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Teach Your Kids To Fish

Enjoy The Outdoors With Your Family

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Teach Your Kids To Fish
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As a professional fishing guide, I make my living taking people fishing. As you can imagine, I see all kinds of anglers. I also get all kinds of questions from my clients relating to to how to get their loved ones more involved in fishing and the outdoors; more specifically, their kids.

On the surface, this question seems simple enough. But the importance of this question is rarely understood, even by the parents asking it. After all, it is the first few fishing experiences that will either hook kids for life, or send them running back to their playstations. Get them hooked, and you are raising your life long fishing buddy. Show them a good time, and kids will put the outdoors on top of their list of preferred activities, which is not only good for them, but is also good for society and especially fishing. Kids are our future conservationists, our future activists for ensuring good fishing for years to come. Teach them well in the beginning, and our grandkids will thank you!

So, with the importance understood, follow these steps to insure a successful fishing trip with your kids.

1. Keep it simple!
I’m talking a hook, a split shot, a bobber, and a nighcrawler. It’s a simple combination that kids can understand, and the bobber gives a visual aspect to fishing that will hold their interest longer. The bobber also helps the parents keep track of where the bait is. Parents with little or no fishing experience will find this set up very convenient, and I would recommend that they learn fishing with the same set up. This rig will catch any species of fish on any body of water.

2. Fish for action, not size!
Kids need a quick pace to keep their interest. It is vital that they start out fishing where bites will be easy to come by. Bluegills, sunfish, and small bass are perfect for this type of action, as these fish live shallow most of the year, and are easy find. All of the desert lakes and urban lakes will have these fish readily available. Catfish and trout can also be a good option if they are fished for shortly after stocking. Check with the game and fish department for their stocking schedule, and be there shortly after for some fast action.

3. Kids need praise!
This is where some careful planning and understanding will come in handy. Kids will no doubt make bad casts, fling the hook around like a flying gaff, and probably drop the rod a time or two. That’s okay, if it’s expected! Do yourself a favor, and smash the barb of the hook flat with a pair of pliers. Not only does it make unhooking the fish easier, but it makes unhooking the parents easier as well. You will be unhooking both. Let them know they’re doing a great job, and show excitement when things are going well. Their opinion will be forged as much from your reaction, as their catch success. If they do something wrong, explain it to them, and teach them how to do it right. This is the time to leave the short temper at home.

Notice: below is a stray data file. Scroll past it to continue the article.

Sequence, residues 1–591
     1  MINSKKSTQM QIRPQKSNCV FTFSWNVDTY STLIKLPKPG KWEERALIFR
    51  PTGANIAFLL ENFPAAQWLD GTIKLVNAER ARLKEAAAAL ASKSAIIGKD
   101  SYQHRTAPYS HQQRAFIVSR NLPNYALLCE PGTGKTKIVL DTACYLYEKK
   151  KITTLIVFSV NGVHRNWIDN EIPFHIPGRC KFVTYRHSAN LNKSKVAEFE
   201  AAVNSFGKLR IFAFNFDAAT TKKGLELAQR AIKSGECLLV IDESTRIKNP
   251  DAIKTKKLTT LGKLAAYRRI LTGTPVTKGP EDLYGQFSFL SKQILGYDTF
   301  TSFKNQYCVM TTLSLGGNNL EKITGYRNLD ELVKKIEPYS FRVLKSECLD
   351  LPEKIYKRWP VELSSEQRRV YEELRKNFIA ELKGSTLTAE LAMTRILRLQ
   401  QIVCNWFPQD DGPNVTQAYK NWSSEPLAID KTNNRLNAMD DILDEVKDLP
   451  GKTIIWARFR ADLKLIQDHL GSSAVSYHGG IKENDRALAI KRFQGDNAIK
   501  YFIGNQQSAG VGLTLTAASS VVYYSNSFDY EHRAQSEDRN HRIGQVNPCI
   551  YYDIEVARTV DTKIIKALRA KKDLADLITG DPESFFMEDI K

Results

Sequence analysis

4. Keep it about the kids!
We all have visions of what the perfect first fishing trip should look like. We’re fishing side by side with our kids, they’re making perfect casts, and the fish are biting like crazy. Although this can be the case, it can also be the complete opposite of what we actually experience. If the kids decide 2 minutes in to the fishing that they’d rather throw rocks, let them throw rocks. If they want to play with the bugs, or splash through the water, let them. This is their outing. In the beginning, it’s all about having fun. Their version of fun, not ours. If the first few trips consist of 3 casts and 2 hours of skipping rocks, then great. They’ll come around.

5. Teach them about conservation!
I know what you’re thinking, boring! I agree, it can be, but I’m not talking about saving the forest or global warming, I’m talking about simple and interesting things about nature and preservation. For instance, when they catch a fish, hold it for them. Show them the fins and how the fish use them to swim. Show them the eyes and how they see through the water. If you don’t know these things, learn them. More importantly, teach them catch and release. Teach them that by releasing the fish, it will be alive to reproduce, and that will create hundreds of more fish for the future. If you bring fish home, teach them to only bring home what they can eat, and releases the rest. This is the time when kids will learn the importance and integrity of conservation. Teach them well.

While there are never any guarantees in fishing, following these simple steps will surely bring success on your next fishing adventure with your kids. Remember the steps, teach them well, and have fun!

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About the author: Ben Koller is the owner of The Hook Up fishing guide service, and a member of the Ranger Boats and Mercury Marine freshwater fishing team. Reach him at 623-412-3474 or www.TheHookUpOutfitters.com.

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